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    Manage Interruptions in the Workplace

    Manage Interruptions in the Workplace
    August 29, 2019 1602 Views No comments

    Do you face constant interruptions in the workplace? These attention management strategies will increase your success

    In my corporate workshops, participants often ask me how they can manage all the interruptions they juggle during their days. They need a strategy to balance being available and helpful to colleagues, while still having undistracted time to get important work done in a thoughtful way. The suggestions below are excerpted from my latest book, Attention Management: How to Create Success and Gain Productivity - Every Day.

    Research shows that we switch our attention every few minutes, on average. Often, it’s because we are interrupted by typical workplace distractions – a new email, a co-worker, a ringing phone. It’s difficult to apply our brain power in a meaningful way in 3-minute increments! This means that we’re not giving our best to our jobs, and it also leaves us tired, but unsatisfied at the end of the day.

    Manage Interruptions to Avoid Being Distracted

    We must have undistracted time to get important work done, so the first step is managing interruptions, or as I call it, “controlling our environment.” For example, it’s understandable to want to be helpful to colleagues, but an “open-door policy” doesn’t mean we must be available all the time. Instead, it needs to be more like “office hours” — clearly defined times when we are accessible to others, and other times when we are not (except in case of emergency).

    These “do not disturb” times must be communicated to co-workers, because once they’ve said, “Do you have a minute?”, you’re already distracted. No matter how deeply we’re focused on a task and how much progress we’re making, the slightest interruption — such as someone calling our name — is enough to make all that momentum go “poof!” Then it can take several minutes to several hours to work up to the same level of concentration.

    All of these workplace interruptions hurt your productivity. If you have a door, close it. If people walk through it anyway, and you reward them with your attention, this indicates to them that the door didn’t mean anything. You have to create boundaries, and then honor them. Otherwise no one else will either.

    But even if you don’t have a door, you can still set some boundaries. Put on headphones or give co-workers other indications that you would prefer not to be disturbed. I love seeing the creative and funny signs my clients post on their chairs after our work together, such as:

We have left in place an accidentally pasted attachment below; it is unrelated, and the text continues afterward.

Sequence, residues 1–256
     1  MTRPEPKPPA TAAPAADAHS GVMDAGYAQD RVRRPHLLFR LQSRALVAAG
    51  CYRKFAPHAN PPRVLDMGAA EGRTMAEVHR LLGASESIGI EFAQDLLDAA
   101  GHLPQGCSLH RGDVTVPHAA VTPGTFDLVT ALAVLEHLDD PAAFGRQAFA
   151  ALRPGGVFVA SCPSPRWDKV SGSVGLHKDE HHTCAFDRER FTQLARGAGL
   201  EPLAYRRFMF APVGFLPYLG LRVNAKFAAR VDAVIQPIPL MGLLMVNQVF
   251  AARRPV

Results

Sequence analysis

“Please do not disturb unless it’s an emergency. Qualifying emergencies:

      -I’m on fire.

      -Oprah is looking for me.”


      Preventing these interruptions in advance helps us to use our time more efficiently, and to also create an environment where we can focus on our most important tasks. Progress on meaningful work is a powerful motivator, and the more we do this, the more productive and satisfied we tend to be.

      Discover Your Ideal Balance

      It’s true that some jobs require more availability than others, such as human resources, customer service, and IT support. Remember, though: if you have other work that needs to get done besides being available to other people, you must create some of that uninterrupted work time.

      Consider approximately how much of your work time requires thoughtful, independent work, and how much requires collaboration and availability to others. Make a note of the percentage split. It doesn’t have to be precise, just the answer you come up with in a minute or two of thought.

      Then, consider how you might organize your days and exert some control over your environment, even in an open office setting, to incorporate an open (and closed) door policy. Your percentage split can guide how much time per day your sign is up or your door is closed. You must be vigilant, though. If your “do not disturb” message is up all day, every day, it will immediately lose its effectiveness. What method can you use to give your colleagues the message that you’re “in the zone” and would rather not be disturbed?

      Considering these ideas may lead you to make some changes in your behavior.But even if it doesn’t, let these ideas “percolate” in your brain for a while. Allowing constant interruptions is probably a habit you’ve formed out of necessity. And it’s hard to break a habit you don’t realize you have. With the points from this article on your mind, you’ll become more aware of this habit of distraction.

      -Maura Nevel Thomas


      If you want to learn more about Attention Management, click here!

      A version of this article originally appeared on maurathomas.com.

      You can preview and purchase the book here>>


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